Lanier’s retaliation claims. Lanier has also failed to demonstrate
Title VII Race Discrimination
To make a prima facie case for Title VII race discrimination,
Lanier must show (i) that she is a member of a protected class;
(ii) that she suffered adverse employment action; (iii) that the
classification more favorably;” and (iv) that she was qualified for
the position. Holifield v. Reno, 115 F.3d 1555, 1564 (11th Cir.
Defendant does not dispute that Lanier is a member of a
protected class or that she was qualified for the Bad Debt position
and the Customer Service position.
The elements at issue are
whether Lanier suffered adverse employment action and whether she
was subjected to disparate treatment.
Adverse Employment Action
Lanier alleges that she suffered race discrimination with
respect to the following adverse actions: (a) defendant’s failure
to promote her, (b) the disciplinary actions, (c) the discharge,
and (d) the failure to transfer her out of Customer Service.4
qualify as an adverse action, the employer’s conduct “must impact
the terms, conditions, or privileges of the plaintiff's job in a
real and demonstrable way,” which may, but need not, have “direct
economic consequences.” Davis v. Town of Lake Park, Fla., 245 F.3d
defendant’s failure to promote Lanier and (b) the disciplinary
actions do not qualify as adverse actions, but (c) the discharge
and (d) the failure to transfer her do qualify as adverse actions.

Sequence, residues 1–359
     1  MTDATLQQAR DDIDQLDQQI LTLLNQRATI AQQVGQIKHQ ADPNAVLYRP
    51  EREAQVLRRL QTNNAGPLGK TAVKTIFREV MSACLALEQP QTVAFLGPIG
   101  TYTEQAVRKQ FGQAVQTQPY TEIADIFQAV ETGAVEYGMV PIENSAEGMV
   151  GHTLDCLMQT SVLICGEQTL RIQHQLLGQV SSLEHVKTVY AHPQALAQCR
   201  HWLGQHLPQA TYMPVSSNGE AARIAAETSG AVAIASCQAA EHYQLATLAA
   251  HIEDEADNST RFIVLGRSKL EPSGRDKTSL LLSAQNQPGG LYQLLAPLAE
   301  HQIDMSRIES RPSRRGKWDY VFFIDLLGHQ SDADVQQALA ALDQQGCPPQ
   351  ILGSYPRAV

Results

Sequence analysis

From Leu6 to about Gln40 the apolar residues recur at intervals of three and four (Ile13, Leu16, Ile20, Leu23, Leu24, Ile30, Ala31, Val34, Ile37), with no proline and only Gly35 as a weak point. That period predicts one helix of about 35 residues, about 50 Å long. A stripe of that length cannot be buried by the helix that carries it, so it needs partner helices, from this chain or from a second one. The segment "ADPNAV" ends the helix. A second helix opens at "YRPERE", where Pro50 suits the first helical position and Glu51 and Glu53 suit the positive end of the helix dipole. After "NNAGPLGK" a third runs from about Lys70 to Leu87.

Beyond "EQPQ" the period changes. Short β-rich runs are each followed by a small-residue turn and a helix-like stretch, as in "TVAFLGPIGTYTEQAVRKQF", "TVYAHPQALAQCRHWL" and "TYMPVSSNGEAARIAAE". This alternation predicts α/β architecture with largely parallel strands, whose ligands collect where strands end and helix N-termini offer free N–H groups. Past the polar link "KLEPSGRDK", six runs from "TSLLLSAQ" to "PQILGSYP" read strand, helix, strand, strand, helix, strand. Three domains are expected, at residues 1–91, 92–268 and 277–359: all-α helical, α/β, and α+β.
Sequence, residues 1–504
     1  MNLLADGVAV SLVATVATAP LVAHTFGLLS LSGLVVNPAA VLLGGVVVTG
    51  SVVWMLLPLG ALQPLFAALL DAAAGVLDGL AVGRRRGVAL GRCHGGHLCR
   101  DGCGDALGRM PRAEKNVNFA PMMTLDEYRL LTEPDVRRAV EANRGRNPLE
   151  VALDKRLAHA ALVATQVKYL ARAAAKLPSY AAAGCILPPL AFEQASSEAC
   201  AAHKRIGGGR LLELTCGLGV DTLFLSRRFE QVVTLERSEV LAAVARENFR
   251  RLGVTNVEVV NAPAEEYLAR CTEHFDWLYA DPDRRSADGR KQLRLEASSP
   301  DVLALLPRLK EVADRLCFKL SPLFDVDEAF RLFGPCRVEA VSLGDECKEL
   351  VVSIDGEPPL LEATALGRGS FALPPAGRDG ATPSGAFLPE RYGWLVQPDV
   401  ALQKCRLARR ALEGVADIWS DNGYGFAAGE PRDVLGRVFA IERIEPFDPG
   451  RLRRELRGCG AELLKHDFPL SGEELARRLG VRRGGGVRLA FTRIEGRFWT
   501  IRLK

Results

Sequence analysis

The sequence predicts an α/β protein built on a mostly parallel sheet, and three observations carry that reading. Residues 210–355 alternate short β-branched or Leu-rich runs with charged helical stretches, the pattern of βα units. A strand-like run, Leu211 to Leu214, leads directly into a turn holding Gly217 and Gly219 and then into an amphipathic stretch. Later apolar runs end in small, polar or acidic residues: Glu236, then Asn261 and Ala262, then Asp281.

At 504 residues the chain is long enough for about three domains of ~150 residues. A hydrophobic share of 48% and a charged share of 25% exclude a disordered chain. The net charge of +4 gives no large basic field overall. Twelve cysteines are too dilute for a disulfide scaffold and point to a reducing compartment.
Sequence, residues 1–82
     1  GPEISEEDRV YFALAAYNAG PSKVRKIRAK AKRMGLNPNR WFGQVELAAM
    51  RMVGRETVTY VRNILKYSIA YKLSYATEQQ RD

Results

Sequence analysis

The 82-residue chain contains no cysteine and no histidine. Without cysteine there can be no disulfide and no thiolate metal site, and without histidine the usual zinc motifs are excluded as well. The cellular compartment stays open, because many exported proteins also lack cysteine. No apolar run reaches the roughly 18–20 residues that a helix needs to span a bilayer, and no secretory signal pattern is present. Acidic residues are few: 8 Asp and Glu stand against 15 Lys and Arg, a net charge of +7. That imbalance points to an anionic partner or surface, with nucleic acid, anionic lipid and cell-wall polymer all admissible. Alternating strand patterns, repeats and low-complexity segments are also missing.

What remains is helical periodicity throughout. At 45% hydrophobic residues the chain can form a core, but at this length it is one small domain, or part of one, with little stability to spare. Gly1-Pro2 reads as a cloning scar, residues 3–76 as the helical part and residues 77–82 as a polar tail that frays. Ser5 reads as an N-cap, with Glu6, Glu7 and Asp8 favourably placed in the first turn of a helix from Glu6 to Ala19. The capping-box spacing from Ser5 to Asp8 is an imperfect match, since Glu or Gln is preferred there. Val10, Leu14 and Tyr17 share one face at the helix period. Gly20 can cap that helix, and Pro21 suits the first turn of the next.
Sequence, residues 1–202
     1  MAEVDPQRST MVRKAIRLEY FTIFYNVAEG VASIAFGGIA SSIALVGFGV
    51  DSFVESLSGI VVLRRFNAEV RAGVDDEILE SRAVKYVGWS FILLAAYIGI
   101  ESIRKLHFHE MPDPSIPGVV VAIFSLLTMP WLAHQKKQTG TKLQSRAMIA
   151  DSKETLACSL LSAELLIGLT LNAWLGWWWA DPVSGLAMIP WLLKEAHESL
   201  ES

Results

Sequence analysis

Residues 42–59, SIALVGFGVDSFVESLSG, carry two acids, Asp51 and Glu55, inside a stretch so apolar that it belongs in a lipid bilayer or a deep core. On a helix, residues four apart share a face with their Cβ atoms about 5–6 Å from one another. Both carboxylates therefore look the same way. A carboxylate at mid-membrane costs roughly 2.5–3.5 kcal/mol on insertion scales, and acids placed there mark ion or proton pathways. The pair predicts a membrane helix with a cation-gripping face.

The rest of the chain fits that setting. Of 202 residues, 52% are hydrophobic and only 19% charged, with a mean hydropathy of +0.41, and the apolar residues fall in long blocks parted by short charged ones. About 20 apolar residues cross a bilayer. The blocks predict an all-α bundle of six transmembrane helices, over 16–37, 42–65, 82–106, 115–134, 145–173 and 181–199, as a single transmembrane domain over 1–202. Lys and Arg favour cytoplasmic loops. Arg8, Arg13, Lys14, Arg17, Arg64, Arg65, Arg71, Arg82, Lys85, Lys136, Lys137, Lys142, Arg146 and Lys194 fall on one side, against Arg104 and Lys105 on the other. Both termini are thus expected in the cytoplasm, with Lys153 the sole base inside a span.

(a) Defendant’s failure to promote Lanier does not satisfy the
standard for an adverse action.
To make a prima face case for
The complaint separately alleges race discrimination (promotion) and
(termination) in addition to general race discrimination. The bases for each
count must fall within “‘the scope of the EEOC investigation that could
reasonably be expected to grow out of the initial charges of discrimination.’”
Chanda v. Engelhard/ICC, 234 F.3d 1219, 1225 (11th Cir. 2000) (citation
omitted). The EEOC charges note Lanier’s discharge, defendant’s criticism of
her job performance, and that she protested discriminatory practices. If
Lanier protested discrimination in her grievances, actions described in the
grievances can also be grounds for her claims. Her November 21 grievance
complained about defendant’s failure to transfer her, so Lanier can use that
to allege discrimination. However, Lanier cannot use her transfer into
Customer Service because she did not mention it in her November 21 grievance,
did not mention it in her November 8 grievance (at least according to
admissible evidence), and did not file the EEOC charges within 180 days of her
transfer. See 42 U.S.C. § 2000e–5(e)(1).
discrimination based on a failure to promote, Lanier must show that
she “applied for and was qualified for a promotion.” Kidd v. Mando
Am. Corp., 731 F.3d 1196, 1204 (11th Cir. 2013) (quoting Brown v.
Ala. Dep't of Transp., 597 F.3d 1160, 1174 (11th Cir. 2010)).
Lanier admits that she did not apply for any promotions, Pl. Depo.
15., so she cannot show adverse action for defendant’s failure to
(b) To the extent that Lanier alleges race discrimination
based on her low performance reviews and written warnings, separate
from discharge, these actions do not qualify as adverse.
score on a “performance evaluation, by itself, is not actionable
under Title VII unless [the employee] can establish that the lower
score led to a more tangible form of adverse action.” Brown v.
Snow, 440 F.3d 1259, 1265–66 (11th Cir. 2006); see Davis v. Town of
Lake Park, Fla., 245 F.3d 1232, 1240 (11th Cir. 2001).